The message, I think, there is the fact that if you do not have malaria, then the issues surrounding women's health and pregnancy outcomes -- whether it's in the delta of Mississippi, in south Fulton County in Atlanta, Islamabad, in Beijing, in Havana, in Mexico City -- all around the world, the issues of women's health are the same.
CNN: What do you mean?
Brann: Women in low-resource settings have difficulty controlling their lives. You didn't choose your parents, and... you didn't choose your color of your skin. You didn't choose the country in which you're born. If you think carefully, that probably influences 90% of our (health) outcomes. We have maybe 10% left.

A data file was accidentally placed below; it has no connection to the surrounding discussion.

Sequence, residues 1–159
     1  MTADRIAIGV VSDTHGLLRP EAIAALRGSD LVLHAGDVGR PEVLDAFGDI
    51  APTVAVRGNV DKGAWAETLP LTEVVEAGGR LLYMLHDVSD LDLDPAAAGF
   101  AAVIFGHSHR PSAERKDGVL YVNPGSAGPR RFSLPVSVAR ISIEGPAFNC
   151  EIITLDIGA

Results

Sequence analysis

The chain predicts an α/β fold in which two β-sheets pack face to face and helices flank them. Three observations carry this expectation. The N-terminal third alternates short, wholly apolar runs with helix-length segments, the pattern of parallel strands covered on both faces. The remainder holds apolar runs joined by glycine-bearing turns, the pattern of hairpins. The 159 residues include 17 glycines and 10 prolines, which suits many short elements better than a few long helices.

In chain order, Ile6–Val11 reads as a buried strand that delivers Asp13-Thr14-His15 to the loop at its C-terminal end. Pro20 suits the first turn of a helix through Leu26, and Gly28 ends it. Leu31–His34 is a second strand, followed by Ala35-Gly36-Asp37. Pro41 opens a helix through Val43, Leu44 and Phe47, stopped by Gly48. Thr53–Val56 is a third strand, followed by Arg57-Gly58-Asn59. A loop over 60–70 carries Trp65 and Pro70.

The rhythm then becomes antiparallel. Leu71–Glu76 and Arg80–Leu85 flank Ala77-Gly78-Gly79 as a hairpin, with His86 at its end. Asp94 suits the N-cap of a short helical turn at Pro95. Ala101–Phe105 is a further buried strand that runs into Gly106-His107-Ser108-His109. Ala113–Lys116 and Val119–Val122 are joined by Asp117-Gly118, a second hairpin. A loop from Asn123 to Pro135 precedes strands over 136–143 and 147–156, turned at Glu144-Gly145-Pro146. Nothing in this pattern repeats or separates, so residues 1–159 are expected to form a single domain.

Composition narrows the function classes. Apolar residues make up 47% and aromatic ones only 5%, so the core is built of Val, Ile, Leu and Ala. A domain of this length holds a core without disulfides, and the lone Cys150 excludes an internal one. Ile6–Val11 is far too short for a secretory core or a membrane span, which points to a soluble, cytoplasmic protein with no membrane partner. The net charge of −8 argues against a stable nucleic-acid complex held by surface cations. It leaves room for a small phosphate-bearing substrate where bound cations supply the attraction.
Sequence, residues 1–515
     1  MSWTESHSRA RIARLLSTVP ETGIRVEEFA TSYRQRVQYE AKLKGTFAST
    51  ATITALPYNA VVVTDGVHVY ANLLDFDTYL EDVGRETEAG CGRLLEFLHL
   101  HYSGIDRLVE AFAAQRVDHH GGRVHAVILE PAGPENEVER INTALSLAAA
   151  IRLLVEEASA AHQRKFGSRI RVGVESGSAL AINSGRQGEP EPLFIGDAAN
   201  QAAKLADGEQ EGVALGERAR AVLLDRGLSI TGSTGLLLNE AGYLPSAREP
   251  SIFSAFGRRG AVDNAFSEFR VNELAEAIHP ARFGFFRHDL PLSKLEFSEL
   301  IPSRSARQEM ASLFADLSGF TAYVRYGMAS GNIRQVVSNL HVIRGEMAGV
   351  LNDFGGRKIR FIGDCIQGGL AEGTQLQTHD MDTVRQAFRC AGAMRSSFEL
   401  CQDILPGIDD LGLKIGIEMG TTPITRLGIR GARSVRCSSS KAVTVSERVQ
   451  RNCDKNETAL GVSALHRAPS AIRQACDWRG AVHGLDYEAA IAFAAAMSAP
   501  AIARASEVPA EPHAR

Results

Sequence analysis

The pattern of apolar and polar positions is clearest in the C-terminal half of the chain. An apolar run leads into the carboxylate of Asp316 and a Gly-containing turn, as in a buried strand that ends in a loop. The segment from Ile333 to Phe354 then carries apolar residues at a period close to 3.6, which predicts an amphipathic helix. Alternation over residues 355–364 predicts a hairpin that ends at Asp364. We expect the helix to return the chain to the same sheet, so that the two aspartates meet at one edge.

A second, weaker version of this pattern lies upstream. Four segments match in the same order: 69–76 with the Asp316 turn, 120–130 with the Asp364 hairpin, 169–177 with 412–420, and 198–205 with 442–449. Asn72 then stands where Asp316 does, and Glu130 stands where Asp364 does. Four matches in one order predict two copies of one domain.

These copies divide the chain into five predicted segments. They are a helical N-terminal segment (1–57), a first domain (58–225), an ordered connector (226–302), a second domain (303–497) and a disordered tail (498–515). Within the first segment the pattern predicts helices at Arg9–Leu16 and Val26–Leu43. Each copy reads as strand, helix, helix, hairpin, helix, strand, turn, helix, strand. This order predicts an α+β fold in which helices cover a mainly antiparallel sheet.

It's just great to be involved in helping to improve a system of health care through which we never ask to come.
We work within ministries of health, and also within universities, so that we can help design systems that influence all of the population.
CNN: What is most crucial for a woman to have a healthy baby?
Not too early, not too many, not too soon and not too late.
The best outcome for a healthy pregnancy is to be wanted, planned and have access to prenatal care with appropriate nutrition and delivered by a skilled attendant ... followed by access to modern contraception for appropriate child spacing.